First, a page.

Proclaiming at the advent of his administration that under his incumbency his government would be the greenest ever, David Cameron’s assertions aroused both optimism and scepticism back in 2010. Depending on your political orientation, and equally your attention to detail, that optimism might now have transgressed into gleeful political cannon fodder. Words became policy, and the endorsement of his environmental legacy will be vital for Cameron’s re-election campaign. Conversely that scepticism could have now translated into anger or frustration, not least encouraged by Cameron’s “rolling back the green crap” gaff from 2013.
But now five years on, how exactly does Cameron’s green legacy stand in the face of the bold proclamations made in 2010? Perhaps the following two areas best illustrate the dichotomous relationship between Cameron and the environment, beginning first with the governments Green Investment Bank (GIB), for which you’ll be hearing much of before Election Day on May 7th.
One of the more commendable projects created by this government, the GIB is an organisation that invests in green, UK based infrastructure projects, the proliferation of renewable energy technologies, and larger shares in clean energy generation. Capitalised with an initial fund of £3.8 billion the bank uses public funding to invest primarily in three sectors; offshore wind energy, energy efficiency, and waste and bioenergy.
The investments this bank makes and the improvement of the UKs green infrastructure are efforts that Cameron hopes will mobilise communities and the private sector to begin vigorously investing in our green revolution. However, the government’s actions abroad portray a conflict of interest not only for the citizens of the UK, but importantly the overseas investors, who might feel dissuaded by the foreign investment from UK Export Finance (UKEF).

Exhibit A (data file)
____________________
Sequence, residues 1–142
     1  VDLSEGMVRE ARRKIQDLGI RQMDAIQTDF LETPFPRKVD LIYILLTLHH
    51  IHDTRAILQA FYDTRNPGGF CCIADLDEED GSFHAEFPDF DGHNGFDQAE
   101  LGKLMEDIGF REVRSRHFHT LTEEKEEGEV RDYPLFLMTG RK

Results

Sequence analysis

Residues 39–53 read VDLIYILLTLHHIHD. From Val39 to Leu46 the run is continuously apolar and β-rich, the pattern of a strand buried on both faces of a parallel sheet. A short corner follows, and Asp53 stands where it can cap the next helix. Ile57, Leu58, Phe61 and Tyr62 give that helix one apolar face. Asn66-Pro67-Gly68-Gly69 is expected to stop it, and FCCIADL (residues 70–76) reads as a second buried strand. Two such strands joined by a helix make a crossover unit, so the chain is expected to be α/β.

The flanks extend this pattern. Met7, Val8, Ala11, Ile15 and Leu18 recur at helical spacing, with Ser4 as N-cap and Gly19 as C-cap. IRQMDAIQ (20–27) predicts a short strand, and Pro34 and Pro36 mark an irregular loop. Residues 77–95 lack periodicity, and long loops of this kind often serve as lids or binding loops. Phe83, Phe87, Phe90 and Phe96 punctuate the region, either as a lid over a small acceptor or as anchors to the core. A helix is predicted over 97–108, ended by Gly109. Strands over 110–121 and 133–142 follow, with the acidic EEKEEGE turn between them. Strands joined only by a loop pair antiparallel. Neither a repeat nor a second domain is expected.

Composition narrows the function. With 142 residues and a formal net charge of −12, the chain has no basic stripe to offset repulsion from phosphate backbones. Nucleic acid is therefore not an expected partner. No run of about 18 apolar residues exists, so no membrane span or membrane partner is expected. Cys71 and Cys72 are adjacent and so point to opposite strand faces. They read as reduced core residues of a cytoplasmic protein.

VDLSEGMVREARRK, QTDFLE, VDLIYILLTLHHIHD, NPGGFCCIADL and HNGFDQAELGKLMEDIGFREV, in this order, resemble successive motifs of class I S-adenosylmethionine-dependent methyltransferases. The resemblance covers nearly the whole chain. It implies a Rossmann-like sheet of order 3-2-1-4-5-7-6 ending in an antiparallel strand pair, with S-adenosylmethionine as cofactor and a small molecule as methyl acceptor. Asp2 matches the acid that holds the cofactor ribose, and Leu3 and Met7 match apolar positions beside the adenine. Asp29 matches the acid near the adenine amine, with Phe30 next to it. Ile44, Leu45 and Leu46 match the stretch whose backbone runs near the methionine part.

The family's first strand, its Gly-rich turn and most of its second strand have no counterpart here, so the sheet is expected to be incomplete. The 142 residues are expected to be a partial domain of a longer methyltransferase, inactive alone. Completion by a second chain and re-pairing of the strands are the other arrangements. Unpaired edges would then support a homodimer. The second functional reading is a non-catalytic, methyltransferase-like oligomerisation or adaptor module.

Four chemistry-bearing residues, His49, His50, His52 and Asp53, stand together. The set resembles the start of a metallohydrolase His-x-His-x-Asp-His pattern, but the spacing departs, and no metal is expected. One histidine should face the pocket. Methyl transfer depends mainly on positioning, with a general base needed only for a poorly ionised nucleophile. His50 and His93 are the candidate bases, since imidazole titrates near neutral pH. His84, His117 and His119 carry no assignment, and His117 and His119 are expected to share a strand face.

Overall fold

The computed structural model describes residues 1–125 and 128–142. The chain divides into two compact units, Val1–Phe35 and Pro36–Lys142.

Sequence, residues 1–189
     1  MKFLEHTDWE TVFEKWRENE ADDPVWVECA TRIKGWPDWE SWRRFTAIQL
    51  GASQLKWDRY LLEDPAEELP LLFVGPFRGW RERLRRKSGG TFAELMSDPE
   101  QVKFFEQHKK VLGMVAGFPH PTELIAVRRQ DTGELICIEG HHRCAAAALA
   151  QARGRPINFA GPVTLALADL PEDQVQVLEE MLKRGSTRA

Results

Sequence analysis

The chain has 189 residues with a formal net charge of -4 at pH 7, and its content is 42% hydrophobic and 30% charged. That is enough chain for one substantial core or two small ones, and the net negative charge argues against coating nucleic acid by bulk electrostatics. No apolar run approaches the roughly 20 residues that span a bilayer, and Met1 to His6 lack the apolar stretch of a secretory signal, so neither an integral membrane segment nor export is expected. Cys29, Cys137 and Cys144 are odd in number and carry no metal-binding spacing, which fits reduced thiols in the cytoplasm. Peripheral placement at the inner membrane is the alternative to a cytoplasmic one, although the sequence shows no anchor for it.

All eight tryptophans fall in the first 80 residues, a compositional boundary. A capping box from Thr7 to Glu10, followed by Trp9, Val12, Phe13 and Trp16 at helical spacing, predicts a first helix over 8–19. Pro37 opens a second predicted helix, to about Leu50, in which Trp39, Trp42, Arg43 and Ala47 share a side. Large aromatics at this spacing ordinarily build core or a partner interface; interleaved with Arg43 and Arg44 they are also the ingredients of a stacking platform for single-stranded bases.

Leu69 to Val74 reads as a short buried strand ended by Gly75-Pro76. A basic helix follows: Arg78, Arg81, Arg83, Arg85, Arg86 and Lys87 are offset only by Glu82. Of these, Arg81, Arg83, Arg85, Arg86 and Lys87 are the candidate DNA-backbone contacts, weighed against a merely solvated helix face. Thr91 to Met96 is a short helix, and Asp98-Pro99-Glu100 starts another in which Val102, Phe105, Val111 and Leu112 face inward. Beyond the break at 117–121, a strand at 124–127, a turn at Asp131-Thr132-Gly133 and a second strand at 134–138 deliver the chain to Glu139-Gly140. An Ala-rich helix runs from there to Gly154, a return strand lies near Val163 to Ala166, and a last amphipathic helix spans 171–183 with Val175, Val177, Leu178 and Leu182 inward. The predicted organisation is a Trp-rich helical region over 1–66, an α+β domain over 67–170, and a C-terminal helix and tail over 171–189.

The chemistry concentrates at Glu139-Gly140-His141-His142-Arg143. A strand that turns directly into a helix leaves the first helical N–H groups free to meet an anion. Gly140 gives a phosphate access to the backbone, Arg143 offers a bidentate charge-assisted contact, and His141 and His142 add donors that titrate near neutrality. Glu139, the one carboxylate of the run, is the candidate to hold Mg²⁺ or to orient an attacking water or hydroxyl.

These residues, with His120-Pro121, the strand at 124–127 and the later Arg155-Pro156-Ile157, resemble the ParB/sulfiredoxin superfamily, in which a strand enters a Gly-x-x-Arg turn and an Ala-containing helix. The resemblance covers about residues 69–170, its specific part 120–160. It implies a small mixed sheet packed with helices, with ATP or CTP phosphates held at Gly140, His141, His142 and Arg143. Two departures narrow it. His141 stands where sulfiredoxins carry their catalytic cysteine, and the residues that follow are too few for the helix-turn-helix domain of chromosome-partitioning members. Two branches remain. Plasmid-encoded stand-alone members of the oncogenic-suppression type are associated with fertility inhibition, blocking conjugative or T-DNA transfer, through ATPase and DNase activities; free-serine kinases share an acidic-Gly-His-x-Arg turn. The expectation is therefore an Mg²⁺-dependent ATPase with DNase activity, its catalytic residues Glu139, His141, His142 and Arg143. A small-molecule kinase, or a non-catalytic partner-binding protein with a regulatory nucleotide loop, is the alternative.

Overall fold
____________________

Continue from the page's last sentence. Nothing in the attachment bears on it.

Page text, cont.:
Whilst this department traditionally provides insurance to British exporters it too has been busy assuring energy security and the vitality of energy infrastructure. In spite of the government’s commitment for UKEF to invest in the growth and exporting of green technology, the Guardian found that they have disproportionately invested in fossil fuel projects over green ones, by some 300 times. Their global financial support for green projects amounts to some £3.6 million, whilst this administration’s support for fossil fuel operations has seen a more exorbitant investment of £1.13 billion.
UKEF provides this investment in the form of loans to British companies for the acquisition of trade and production deals with foreign hydrocarbon companies, standing in great contrast to the sentiments espoused by Cameron in 2010. Considering how paramount investment in green infrastructure is by the private sector, such actions seem slightly contradictory, a kind of do as I say, not as I do, scenario.
This private investment really is paramount however, as by the GIB’s own admission our green economy must boast some £330 billion in capital to meet our legally binding environmental targets by 2020. We are currently seeing less than half of the required investment needed.
Cameron’s inability to effectively read market signals is one factor that will also taint his environmental legacy. Solar power is fast becoming a vibrant, ubiquitous and economical power source. With an average annual growth rate of 50 percent over the last six years, and the cost of raw materials plummeting, the net costs of solar panels have fallen by 80% since 2005.
Surely then any rational economic actor would invest vigorously in solar power like China, the US, and Japan? Well, according to the Final Report for the GIB Policy and Framework Context of 2011 the answer is no, claiming that “no large scale investments are likely” in Solar PV.
When listening to the political rhetoric this election campaign remain vigilant for the voices that claim Cameron’s environmental policy has invested billions into our clean energy future. It’s important to recognise the good foundations set by this government, but also this government’s other investments, and the missed opportunities inhibiting the growth of our green economy. If David Cameron is re-elected, or whoever is the next voted into government, there is so much more we can do as a nation.
By Jack Longman, Junior Writer for Daily Political View.